Online sewing star Mimi G. pulls up some floor during a session with fabric designer Tula Pink.

I returned from Sew Pro, the convention for sewing-business owners, filled with drive and inspiration! It was a fabulous gathering of fabulous creatives who were generous with their knowledge and enthusiasm.

I feel connected to the sewing community, and I want to keep the good vibes rolling!

A lot of the Sew Pro convention sessions were quite technical on biz stuff, especially social media and blog monetization. So keep things accessible, I framed up some high-level takeaways for all sewists — not just people with a sewing business:

1.) Do the work.

A rep from FreeSpirit Fabrics showed off quilt masterpieces and new fabric collections at Sew Pro.

I chatted Renee Newstrum, who was a seamstress for TV shows. She talked about the insane turnarounds she used to deliver — being given a stack of garments at midnight to be completed for a pre-dawn call. Renee learned how to do EVERYTHING when it came to alterations, and she could do them FAST.

Obviously, I was impressed. I asked her, very seriously, “How do you sew fast? What’s the secret? What tips do you have?”

Her one-word answer: “Practice.” There really aren’t any shortcuts. Doing the same thing over and over, making the same pattern 10 times, is the best education.

This was heartening, because I’ve got all the time in the world to practice. If practice is *all* it takes, even I can practice, just like a pro seamstress! I was proud of myself for my reaction, because I honestly wasn’t disappointed by the lack of a silver bullet. I’m committed to enjoying the process of practice.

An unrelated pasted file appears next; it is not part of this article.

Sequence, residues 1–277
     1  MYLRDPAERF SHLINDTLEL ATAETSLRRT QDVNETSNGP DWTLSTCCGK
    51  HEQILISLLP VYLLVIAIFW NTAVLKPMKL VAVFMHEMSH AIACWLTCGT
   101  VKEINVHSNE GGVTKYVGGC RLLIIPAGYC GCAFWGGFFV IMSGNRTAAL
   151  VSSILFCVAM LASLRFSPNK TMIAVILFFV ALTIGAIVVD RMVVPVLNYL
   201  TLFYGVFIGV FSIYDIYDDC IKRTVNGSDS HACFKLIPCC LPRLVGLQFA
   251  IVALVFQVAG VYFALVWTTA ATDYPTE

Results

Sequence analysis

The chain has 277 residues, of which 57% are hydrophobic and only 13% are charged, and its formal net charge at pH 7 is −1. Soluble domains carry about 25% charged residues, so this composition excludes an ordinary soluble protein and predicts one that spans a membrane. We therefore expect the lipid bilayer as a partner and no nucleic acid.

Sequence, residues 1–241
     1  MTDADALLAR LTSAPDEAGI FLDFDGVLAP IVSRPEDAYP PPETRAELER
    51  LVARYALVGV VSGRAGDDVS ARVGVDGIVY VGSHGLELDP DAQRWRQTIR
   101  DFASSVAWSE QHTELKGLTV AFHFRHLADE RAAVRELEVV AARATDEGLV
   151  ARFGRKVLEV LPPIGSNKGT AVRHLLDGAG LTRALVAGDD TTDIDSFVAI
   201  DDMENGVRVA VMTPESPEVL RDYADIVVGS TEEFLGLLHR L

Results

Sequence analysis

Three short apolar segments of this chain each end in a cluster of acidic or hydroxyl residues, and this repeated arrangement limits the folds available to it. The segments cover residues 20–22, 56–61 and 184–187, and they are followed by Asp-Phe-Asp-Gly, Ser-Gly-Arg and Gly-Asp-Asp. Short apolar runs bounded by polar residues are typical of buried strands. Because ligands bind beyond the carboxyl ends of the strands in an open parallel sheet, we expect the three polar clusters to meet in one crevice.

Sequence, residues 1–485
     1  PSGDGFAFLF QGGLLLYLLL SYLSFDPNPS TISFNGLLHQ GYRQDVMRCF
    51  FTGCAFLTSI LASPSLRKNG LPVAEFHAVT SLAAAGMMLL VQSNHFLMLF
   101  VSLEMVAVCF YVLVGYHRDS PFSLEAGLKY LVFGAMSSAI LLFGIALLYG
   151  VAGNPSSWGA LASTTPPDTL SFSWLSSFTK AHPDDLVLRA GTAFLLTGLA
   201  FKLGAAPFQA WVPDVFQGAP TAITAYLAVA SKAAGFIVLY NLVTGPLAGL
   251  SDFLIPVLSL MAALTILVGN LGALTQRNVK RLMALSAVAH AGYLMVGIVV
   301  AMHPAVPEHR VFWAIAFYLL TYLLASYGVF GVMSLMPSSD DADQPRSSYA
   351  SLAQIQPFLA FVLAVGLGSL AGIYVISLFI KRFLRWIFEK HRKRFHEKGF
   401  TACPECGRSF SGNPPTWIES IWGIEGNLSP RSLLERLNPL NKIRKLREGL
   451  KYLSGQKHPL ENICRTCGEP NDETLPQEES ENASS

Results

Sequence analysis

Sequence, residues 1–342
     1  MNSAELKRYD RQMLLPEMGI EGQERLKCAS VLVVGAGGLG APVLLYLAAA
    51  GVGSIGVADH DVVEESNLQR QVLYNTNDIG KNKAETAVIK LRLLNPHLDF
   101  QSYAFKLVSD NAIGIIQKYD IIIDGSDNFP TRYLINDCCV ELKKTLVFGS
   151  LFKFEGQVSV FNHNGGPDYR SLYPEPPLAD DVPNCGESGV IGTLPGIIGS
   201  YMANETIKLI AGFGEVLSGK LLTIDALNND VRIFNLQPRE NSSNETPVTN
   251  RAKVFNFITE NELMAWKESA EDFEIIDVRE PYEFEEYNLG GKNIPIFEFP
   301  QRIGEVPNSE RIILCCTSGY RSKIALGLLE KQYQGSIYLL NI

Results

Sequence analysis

(I’m, like, growing as a person, guys!)

2.) Weave a tale.

Gawking over a gorgeous quilt in Tula Pink’s Slow and Steady line.

I didn’t know anything about Tula Pink when I showed up for Sew Pro. I had a vague recognition of her logo, and that’s about it.

In case you don’t know, she’s a quilt fabric designer, and a damn good one. Her large-scale, showcase prints are baroque and meticulous, and her colorways are electric.

In person, she’s bold and wickedly funny — just what you’d expect from someone who hides animals in her prints. So many people wanted a piece of Tula at Sew Pro, we literally sat at her feet on the floor — even “sewlebrity” Mimi G. (see first pic)!

Tula talked about the importance of telling a story in your work. Each Tula collection is filled with a rogue’s gallery of characters with elaborate backstories. For example, her Halloween collection, Nightshade, features three murderous witch sisters. (Click to read the collection concept; it’s a hoot.)

These memorable backstories make the fabric easier to sell. Quilters get emotionally involved with the fabric.

Even if you’re not selling something, telling stories to yourself is powerful. Visualizing where you’d wear your handmade garments, who you’d be with, what your soundtrack would be, etc., make a sewing project more fun (especially if you’re struggling).

3.) Just do it.